Lemna minor (Aquatic plant, duck weed)
The plant selected for the candidate reference material, duckweed (Lemna minor) is small sized, floating species with small leaves (2-3 mm diameter) organised in disc-shaped form, with a single root of 1-3 cm length. There is no contact of the roots with the sediment, but there is the possibility of adsorption of organic and inorganic suspended matter on the surfaces of the roots and leafs. Lemna minor prefers stagnant fresh water areas. The duckweed was sampled by LSA in canals of the Beemster polder (The Netherlands). In order to prevent metal contamination, all materials in contact with the samples were metal free, i.e. sampling sieves, containers, sorting basins, crusher and storage bags were of polythene, sampling rods were made of glass-fibre-epoxy, and the collection sieves were of nylon. Sampling took place in September 1996. The plants were collected from the water surface using 5 mm mesh sieves connected to 4 m long rods. After leaking out of most of the adhering water the duckweed was collected in pre-cleaned plastic 120 L containers. The plant material was then transported to a laboratory container for cleaning and preparation. The handling consisted of the manual separation of the plant material from non-plant materials such as small branches and leaves, aquatic snails and silt (sediment particles, suspended organic matter, decomposed plant material). The collected plant volume in each of the 120 L containers was separated into sub-samples in containers with local surface water in order to allow a first sedimentation and separation of heavy particles. From these containers, sub-samples of about 2 L plant material were transferred into water basins of 2 m long, 25 cm wide and 8 cm deep. This small amount of plants easily spreads over the water surface and simplifies the manual picking out of all non desired material. At the same time, sedimentary particles are allowed to settle. The water of these basins was replaced frequently with local surface water in order to reject the suspended, colloidal and partly deposited fractions. The thus pre-cleaned plant material was dewatered by sieving (nylon sieves, 1 mm mesh) and again washed in local fresh water in sedimentation basins. These washings/sedimentation steps had to be repeated 3-5 times, depending on the suspended sediment loads found in the samples. The decision on termination of the washing process was made by visual inspection of the water. After the final washing step a sub-sample of about 10 kg was filled into a nylon sieve bag and predried by centrifugation. The resulting material was then transferred into a thermo-insulated 60 L polythene container and shock-frozen with liquid nitrogen. This step prevented possible degradation of the plant material. The volume of the frozen plants was reduced by manual crushing and the 14 product was finally filled into 6 L polythene bags. The total mass of the prepared material resulted in 680 kg wet-weight. The frozen plants were transported deep-frozen to the IRMM for further treatment and bottling of the materials. There the material was air dried in an oven at 60 °C for 60 h, using a temperature controlled programme. This was followed by jet-milling and ultra fine classification of the powders. The top particle size was set at <180 µm. After homogenisation in a Turbula mixer, the material was bottled in 100 ml well cleaned brown glass bottles with polythene inserts and plastic screw caps (about 10 g of powder). Before closing, the vials were filled with argon. The moisture content was determined at 1.02 ± 0.21 % (mass fraction, Karl Fischer, n=20). The particle size analysis showed a top particle size of 90 mm (Kramer et al., 1998).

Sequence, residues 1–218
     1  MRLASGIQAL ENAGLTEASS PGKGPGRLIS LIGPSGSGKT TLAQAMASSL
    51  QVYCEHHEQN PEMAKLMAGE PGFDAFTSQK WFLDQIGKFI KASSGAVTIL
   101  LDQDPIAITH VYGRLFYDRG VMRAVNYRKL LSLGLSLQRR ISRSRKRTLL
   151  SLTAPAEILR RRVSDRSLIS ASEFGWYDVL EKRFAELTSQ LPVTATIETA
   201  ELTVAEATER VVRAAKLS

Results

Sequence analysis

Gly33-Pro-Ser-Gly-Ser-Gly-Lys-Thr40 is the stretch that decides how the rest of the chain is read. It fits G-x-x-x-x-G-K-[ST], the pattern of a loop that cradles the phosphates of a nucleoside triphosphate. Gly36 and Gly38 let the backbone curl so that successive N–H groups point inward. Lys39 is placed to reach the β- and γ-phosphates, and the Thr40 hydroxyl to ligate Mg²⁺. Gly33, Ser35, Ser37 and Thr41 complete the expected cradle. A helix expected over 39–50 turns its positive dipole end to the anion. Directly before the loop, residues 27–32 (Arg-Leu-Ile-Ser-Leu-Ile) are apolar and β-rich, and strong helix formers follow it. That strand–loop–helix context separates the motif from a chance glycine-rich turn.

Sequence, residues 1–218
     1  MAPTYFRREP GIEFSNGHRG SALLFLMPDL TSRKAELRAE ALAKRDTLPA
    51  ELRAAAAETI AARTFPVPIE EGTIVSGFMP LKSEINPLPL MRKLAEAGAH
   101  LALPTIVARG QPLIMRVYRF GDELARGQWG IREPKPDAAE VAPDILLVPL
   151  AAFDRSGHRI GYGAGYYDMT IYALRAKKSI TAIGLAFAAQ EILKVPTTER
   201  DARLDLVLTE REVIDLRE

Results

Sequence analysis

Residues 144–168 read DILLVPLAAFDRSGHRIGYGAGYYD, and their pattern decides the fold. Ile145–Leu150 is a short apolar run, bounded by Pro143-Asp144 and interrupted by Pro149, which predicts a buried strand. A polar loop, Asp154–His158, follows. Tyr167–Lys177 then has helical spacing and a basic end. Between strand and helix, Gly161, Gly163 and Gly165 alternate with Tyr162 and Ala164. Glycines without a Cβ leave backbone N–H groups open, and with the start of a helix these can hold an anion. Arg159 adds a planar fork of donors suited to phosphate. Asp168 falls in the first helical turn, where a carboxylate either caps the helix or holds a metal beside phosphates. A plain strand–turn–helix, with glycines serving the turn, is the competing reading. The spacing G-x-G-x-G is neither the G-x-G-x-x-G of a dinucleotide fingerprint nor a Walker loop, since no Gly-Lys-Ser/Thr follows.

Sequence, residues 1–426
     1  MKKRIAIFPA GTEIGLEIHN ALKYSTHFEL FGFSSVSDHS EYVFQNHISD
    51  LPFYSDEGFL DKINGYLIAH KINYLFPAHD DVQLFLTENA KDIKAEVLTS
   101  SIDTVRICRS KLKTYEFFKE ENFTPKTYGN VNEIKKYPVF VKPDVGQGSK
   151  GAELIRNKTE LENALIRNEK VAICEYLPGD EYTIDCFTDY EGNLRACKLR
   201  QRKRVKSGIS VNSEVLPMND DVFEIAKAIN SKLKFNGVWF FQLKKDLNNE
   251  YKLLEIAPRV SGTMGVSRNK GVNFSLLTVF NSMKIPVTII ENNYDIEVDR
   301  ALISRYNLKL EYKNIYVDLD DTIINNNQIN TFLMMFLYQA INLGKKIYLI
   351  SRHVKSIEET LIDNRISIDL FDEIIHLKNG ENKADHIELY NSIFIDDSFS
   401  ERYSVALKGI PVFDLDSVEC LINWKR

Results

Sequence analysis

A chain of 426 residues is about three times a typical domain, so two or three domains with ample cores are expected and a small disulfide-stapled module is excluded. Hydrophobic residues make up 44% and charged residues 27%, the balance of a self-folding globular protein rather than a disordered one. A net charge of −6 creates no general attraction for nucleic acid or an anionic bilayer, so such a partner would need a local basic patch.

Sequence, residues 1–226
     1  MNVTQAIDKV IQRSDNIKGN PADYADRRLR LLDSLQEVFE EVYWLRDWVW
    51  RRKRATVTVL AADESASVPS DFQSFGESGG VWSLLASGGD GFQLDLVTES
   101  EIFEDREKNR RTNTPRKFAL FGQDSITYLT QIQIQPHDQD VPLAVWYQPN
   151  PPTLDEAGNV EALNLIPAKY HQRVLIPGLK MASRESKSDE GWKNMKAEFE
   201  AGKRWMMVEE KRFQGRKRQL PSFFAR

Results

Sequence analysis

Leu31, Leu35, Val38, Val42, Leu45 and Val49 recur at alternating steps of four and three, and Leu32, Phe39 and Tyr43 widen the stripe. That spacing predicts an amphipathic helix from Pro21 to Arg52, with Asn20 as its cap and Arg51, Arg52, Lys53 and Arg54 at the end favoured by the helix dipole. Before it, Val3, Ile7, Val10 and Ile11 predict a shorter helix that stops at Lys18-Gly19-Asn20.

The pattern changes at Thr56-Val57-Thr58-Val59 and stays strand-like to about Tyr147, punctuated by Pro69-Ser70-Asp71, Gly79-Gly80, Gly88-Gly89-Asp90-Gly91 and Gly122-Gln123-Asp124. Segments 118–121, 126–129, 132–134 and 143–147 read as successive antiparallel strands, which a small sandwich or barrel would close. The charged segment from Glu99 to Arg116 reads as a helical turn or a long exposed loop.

keywords: environmental material , biological material , plant material, trace elements , heavy metals , rare earth elements (REEs)